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Summary: Topical message on how walking by faith makes us better.

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Turn in your Bibles to Hebrews 11:1.

In 1993, I had surgery on my shoulder because it was so torn up inside that I couldn’t do push-ups without dislocating it.

I remember going to the hospital and being laid out on the gurney and then someone put a mask over my face and told me to start counting backwards from 100.

That’s pretty believable, but if you didn’t believe that I had surgery, how could I prove to you in some tangible way that I did?

I could show you my scar and I could show you that my shoulder doesn’t dislocate anymore.

And I could probably come up with some witnesses and some written documentation about my surgery. But that’s best I could do.

For the most part, you’d have to take it on faith that I really had the surgery—which would be a pretty easy thing to do.

And my goal this morning is, through this message to make the idea of faith a little more tangible and practical…

…and to help us see that living by faith is hard, but at the same time, it is also not really as difficult as it seems.

The first point on your notes is that faith is a mysterious confidence. Faith is a mysterious confidence.

In Hebrews 11:1, we are given what, at first glance, appears to be a definition of this mysterious confidence.

The writer says, 1 Now faith is being sure of what we hope for and certain of what we do not see .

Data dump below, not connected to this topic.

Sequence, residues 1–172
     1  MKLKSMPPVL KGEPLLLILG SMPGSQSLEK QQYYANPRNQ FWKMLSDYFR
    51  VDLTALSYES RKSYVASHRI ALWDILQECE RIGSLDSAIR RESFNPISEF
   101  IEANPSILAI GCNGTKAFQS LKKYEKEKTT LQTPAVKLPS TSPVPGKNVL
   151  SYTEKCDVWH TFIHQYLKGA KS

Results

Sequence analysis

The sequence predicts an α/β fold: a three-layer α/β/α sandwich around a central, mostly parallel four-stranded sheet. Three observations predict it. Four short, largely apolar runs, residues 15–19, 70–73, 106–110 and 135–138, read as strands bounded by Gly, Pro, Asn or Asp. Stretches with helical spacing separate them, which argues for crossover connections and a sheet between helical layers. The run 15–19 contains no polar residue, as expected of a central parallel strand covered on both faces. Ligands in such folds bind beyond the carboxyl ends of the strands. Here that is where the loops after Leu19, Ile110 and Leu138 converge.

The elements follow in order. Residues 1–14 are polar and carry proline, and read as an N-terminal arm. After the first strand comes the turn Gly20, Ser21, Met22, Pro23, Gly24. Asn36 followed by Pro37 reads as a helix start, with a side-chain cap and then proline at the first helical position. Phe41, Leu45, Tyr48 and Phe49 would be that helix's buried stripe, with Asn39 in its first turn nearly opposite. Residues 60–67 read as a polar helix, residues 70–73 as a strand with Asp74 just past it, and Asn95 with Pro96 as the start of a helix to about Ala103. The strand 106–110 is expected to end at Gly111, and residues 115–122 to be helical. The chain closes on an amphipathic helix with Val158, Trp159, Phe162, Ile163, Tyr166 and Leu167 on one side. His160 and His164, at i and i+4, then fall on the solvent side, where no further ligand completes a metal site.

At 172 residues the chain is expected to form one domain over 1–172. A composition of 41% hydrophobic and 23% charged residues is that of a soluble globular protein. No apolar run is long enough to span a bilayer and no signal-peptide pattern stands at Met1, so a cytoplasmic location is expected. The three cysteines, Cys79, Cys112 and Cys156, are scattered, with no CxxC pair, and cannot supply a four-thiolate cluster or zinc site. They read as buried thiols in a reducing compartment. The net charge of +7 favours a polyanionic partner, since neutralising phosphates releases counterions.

What is difficult to bring out in English without adding words that weren’t originally there…

…is that the writer is not saying this for the purpose of explanation.

In the Greek language in which this was originally written, he’s not explaining what faith is,

…he is affirming something he knows they already understand.

So if I were to try to capture the real mood and feel of these words in their vocabulary and culture, I might say,

“As you have always known, faith is being absolutely confident in the reality of what we hope for and certain of what we do not see.”

The Hebrews were people who both understood and lived by faith.

And we do too—we just don’t always realize it. We practice different types of faith everyday.

Over the last few years, I’ve flown almost 80,000 miles on Delta Airlines alone.

And not once did I ever ask for any tangible proofs or evidences that the plane was mechanically safe or that the pilot was qualified or sober.

I just got on the plane, sat in my seat, and waited until I could pull my computer out.

I eat fast-food every week. But I’ve never asked for proof that those who handled my food were either healthy or sanitary. I just order and eat.

I drive my car every day knowing full well that car accidents happen all the time—I just don’t think its going to happen to me.

I take a pill every day to control my peptic ulcer. So every month I go to the pharmacy and someone I don’t know sells me a bottle of pills.

I can’t prove that these are the pills the doctor prescribed and it doesn’t even occur to me to ask for proof. But I take one every day.

You see, even without considering my relationship with God, I live by faith everyday.

¨ I place my faith in airlines and their employees;


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